Fort Mason, located 5 blocks south, was headquarters for the first regiment Texas Mounted Rifles 1861-62. These Confederate troops occupied the line of old U. S. forts to give protection against Indians.
215 prisoners-of-war were confined here. In spring 1862, the line of frontier defense was tightened and Camp Llano was established 9 miles east. Texas Frontier Regiment occupied this post, part of a line a day's ride apart on horseback from the Red River to the Rio Grande. Settlers then used Fort Mason for protection. Scouting parties and patrols of Confederate and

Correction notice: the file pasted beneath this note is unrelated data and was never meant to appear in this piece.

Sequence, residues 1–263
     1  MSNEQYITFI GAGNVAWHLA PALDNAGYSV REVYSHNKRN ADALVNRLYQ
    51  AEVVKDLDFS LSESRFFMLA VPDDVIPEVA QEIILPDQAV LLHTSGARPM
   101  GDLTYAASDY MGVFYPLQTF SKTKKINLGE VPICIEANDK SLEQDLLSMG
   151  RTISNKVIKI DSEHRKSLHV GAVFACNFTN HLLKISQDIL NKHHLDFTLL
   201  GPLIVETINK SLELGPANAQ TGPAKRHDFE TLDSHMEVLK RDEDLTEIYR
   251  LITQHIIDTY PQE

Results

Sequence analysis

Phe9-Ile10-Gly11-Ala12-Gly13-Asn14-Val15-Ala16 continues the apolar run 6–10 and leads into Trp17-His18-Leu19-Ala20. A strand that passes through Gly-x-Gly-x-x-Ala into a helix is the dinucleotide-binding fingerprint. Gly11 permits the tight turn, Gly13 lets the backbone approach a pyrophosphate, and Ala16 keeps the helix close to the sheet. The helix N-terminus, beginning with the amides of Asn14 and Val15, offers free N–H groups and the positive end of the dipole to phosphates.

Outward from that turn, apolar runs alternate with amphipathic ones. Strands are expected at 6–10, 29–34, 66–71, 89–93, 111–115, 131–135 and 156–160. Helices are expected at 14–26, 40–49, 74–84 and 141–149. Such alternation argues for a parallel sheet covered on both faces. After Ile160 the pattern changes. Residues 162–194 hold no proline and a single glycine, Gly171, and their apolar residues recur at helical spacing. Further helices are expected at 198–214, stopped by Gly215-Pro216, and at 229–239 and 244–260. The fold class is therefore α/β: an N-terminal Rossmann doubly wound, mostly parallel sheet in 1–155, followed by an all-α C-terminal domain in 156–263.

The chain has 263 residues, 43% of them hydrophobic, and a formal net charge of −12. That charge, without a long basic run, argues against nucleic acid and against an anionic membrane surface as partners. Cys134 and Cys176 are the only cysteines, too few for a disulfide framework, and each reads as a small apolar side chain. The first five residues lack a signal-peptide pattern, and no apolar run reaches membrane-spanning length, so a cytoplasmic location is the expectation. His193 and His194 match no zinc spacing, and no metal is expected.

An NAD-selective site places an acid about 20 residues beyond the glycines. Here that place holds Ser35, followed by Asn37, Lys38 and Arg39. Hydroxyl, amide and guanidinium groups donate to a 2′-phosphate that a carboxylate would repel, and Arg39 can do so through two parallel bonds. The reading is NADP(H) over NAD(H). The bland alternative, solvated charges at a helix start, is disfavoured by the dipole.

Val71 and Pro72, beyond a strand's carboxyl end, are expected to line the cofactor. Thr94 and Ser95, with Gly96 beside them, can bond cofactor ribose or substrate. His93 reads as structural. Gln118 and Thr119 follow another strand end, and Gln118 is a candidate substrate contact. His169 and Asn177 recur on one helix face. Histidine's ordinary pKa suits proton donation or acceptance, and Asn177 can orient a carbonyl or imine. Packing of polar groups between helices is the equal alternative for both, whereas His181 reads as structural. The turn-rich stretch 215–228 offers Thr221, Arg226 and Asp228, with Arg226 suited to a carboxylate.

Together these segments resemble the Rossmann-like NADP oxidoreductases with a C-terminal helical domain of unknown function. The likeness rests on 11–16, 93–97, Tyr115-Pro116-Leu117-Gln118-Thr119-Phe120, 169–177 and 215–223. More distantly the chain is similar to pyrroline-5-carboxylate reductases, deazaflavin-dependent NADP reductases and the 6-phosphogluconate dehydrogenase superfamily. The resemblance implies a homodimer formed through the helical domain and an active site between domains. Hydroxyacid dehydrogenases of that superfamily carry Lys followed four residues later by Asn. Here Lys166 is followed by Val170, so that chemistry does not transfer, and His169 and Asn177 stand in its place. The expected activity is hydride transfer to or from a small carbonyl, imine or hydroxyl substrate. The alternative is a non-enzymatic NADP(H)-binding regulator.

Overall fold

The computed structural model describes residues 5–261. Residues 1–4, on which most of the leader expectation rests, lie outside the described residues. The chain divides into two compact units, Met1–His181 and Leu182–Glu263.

(see other side)
state troops visited the post in aggressive warfare to keep Indians near their camps and away from settlements. Upon secession Mason County men joined regional, state and Confederate troops to protect the frontier. They usually had to supply their own guns, mounts and sustenance. Although large-scale raids had been checked, Indians roamed this area, stealing horses, attacking isolated farms, burning buildings, kidnapping women and children. However, an old Mason pioneer operated a one-mule stage route between Camp Colorado, Mason and Fredericksburg. Hiding from Indians at night, he and his mule made the trip every two weeks carrying the mail without mishap.
memorial to Texans
who served the Confederacy
Erected by the State of Texas 1964